Red alert issued as the storm crawls into the Pilbara coast with damaging winds, large storm surge and flooding rains.
Tropical Cyclone Esther, she that has come from the Gulf of Carpentaria, swung through Northern Territory and Western Australia and out to the Kimberley coast, is now swinging back.
Having made landfall on February 23 near the town of Borrololla, her main contribution to the residents and farms of northwest Australia has been copious amounts of rain.
Now as ex-tropical Cyclone Esther is into her second week of life overland. It is a remarkable feat for a cyclone to remain identifiable as a tropical feature while centred over land. However, the feed of moisture into this storm from the Timor Sea is good so the rain keeps falling.
Esther, now a tropical depression, crossed the border back into Northern Territory early on March 3, after doing a four-day loop over the Kimberley region of Western Australia. Bureau of Meteorology forecaster Angus Moore said the high amount of rainfall across the region was due to the unusual “slow-moving loop” taken by ex-Esther.
While the immediate threat of severe weather in Kimberley has passed as ex-Esther makes her way towards the Red Centre, there are still flood warnings in place across the Kimberley. The Department of Fire and Emergency Services said that The Gibb River Road, the main route that traverses the region, is closed to all vehicles, and the Great Northern Highway is also closed in part.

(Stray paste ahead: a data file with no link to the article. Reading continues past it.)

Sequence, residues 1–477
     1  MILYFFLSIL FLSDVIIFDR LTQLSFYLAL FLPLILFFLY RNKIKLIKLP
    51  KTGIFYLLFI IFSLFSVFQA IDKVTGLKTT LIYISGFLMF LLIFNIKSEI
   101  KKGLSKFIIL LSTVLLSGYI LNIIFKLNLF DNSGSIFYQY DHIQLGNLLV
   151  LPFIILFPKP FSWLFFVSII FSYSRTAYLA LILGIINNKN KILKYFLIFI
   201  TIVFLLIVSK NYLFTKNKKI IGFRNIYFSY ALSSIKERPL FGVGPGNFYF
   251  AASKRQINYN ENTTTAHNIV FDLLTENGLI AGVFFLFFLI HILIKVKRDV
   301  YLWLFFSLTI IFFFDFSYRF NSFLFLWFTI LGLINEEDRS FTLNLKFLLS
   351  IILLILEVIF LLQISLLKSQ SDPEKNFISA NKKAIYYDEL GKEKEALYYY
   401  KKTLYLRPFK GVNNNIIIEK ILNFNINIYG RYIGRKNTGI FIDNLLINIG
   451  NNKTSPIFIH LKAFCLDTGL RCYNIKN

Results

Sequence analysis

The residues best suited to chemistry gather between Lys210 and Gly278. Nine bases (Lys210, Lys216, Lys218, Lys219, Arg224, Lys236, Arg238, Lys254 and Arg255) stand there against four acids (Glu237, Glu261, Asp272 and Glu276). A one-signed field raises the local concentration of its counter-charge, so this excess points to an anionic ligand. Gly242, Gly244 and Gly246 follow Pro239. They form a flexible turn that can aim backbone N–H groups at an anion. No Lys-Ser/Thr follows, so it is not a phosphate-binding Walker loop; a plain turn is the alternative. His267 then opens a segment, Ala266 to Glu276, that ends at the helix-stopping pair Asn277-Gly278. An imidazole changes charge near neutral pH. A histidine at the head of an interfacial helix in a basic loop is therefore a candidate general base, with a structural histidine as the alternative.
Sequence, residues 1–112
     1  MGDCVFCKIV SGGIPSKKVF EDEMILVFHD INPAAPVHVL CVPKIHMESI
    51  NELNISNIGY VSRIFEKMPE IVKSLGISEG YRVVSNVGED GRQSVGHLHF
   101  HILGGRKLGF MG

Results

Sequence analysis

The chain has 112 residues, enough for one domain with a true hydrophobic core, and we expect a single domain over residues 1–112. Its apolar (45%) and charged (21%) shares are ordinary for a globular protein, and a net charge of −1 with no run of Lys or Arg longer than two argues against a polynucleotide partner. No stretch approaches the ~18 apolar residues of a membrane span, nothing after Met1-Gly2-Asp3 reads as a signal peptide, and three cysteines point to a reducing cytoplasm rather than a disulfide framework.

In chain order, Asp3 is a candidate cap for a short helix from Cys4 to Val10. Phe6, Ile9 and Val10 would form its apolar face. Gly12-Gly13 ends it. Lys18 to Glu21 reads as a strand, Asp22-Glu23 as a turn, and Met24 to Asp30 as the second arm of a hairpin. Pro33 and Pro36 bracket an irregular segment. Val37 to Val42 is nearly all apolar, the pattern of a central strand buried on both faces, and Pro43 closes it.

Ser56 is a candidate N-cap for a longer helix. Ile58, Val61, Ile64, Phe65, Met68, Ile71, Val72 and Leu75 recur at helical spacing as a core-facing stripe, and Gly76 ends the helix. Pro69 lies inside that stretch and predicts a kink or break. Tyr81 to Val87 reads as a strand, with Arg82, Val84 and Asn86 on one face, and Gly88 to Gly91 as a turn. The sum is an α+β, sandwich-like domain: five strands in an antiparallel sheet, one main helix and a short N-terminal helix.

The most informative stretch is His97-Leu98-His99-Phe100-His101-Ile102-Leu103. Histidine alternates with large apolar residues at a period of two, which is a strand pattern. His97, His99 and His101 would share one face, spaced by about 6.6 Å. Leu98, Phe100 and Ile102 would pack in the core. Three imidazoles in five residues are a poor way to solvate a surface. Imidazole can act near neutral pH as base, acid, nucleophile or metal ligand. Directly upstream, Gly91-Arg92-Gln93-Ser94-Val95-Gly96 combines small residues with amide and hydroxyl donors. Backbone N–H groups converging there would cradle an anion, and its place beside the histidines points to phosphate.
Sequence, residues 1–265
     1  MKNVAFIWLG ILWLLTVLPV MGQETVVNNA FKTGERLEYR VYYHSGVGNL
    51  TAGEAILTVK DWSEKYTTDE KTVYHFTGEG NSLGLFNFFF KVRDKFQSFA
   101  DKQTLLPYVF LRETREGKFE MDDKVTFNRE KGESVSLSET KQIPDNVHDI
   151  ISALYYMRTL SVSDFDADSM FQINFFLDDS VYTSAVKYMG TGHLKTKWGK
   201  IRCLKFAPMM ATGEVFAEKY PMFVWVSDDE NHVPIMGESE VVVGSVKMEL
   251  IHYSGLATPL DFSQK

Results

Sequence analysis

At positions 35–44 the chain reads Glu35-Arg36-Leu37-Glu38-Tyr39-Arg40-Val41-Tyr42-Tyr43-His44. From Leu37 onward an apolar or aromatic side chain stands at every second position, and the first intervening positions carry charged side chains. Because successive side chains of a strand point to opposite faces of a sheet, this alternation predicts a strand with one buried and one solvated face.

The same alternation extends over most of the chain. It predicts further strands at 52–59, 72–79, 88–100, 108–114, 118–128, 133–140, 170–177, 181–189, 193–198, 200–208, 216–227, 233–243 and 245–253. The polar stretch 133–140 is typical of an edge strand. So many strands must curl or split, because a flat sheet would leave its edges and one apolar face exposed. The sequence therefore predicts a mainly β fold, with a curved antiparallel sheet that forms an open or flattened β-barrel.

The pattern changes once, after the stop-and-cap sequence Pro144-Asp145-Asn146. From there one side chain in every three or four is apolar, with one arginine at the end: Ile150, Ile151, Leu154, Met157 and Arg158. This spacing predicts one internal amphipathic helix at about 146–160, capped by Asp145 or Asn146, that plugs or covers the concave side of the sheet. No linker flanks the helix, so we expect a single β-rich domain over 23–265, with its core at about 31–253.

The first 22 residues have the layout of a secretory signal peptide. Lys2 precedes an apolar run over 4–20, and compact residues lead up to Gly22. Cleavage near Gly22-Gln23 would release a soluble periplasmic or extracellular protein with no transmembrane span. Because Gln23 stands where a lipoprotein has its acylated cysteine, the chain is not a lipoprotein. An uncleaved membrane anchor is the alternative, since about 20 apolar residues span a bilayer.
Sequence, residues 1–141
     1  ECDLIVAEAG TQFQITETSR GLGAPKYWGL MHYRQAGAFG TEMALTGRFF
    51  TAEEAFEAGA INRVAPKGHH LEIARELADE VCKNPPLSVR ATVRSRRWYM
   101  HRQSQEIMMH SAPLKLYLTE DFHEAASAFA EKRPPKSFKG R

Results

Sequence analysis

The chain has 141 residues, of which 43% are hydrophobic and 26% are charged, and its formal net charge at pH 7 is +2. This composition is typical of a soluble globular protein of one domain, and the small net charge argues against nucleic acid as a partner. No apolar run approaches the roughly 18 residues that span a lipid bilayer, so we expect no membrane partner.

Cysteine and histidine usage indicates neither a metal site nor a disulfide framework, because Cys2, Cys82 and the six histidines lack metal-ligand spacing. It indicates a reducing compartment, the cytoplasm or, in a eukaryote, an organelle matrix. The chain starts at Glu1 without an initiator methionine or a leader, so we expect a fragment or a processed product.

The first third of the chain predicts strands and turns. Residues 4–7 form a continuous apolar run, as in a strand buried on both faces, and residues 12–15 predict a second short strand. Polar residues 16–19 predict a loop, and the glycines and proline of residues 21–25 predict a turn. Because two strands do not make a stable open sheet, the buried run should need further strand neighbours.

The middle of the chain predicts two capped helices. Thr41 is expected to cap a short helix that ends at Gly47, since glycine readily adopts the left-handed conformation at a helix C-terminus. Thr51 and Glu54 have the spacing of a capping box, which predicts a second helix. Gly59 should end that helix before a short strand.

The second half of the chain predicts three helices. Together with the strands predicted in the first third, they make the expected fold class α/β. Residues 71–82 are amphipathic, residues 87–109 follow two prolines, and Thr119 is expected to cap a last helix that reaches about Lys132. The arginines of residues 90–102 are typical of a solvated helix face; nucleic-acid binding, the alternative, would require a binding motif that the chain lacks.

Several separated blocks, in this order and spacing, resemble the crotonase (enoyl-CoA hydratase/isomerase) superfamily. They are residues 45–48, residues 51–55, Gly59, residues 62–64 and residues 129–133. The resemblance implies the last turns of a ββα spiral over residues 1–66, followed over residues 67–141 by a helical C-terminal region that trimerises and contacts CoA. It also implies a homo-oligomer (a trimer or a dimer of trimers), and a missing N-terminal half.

All the extra rainfall from Esther has also been topping up Lake Argyle, which is currently sitting at its lowest level in 25 years. Lake Argyle is at 43 percent capacity, but when full it holds nearly 20 times the volume of Sydney Harbour. Now, after 200 to 300mm of rain has fallen over the Ord River catchment, the lake is expected to rise a metre or two over the coming days.
By coincidence, ex-Esther is about to be subsumed into a trough full of moisture that runs north-south across Australia. This will produce significant rain over the next three days, 100mm to 250mm, in a streak that crosses, Northern Territory, South Australia, Queensland, New South Wales, Australian Capital Territory, Victoria and Tasmania.
That would make Esther a remarkable cyclone, having travelled over every Australian state as an identifiable tropical feature.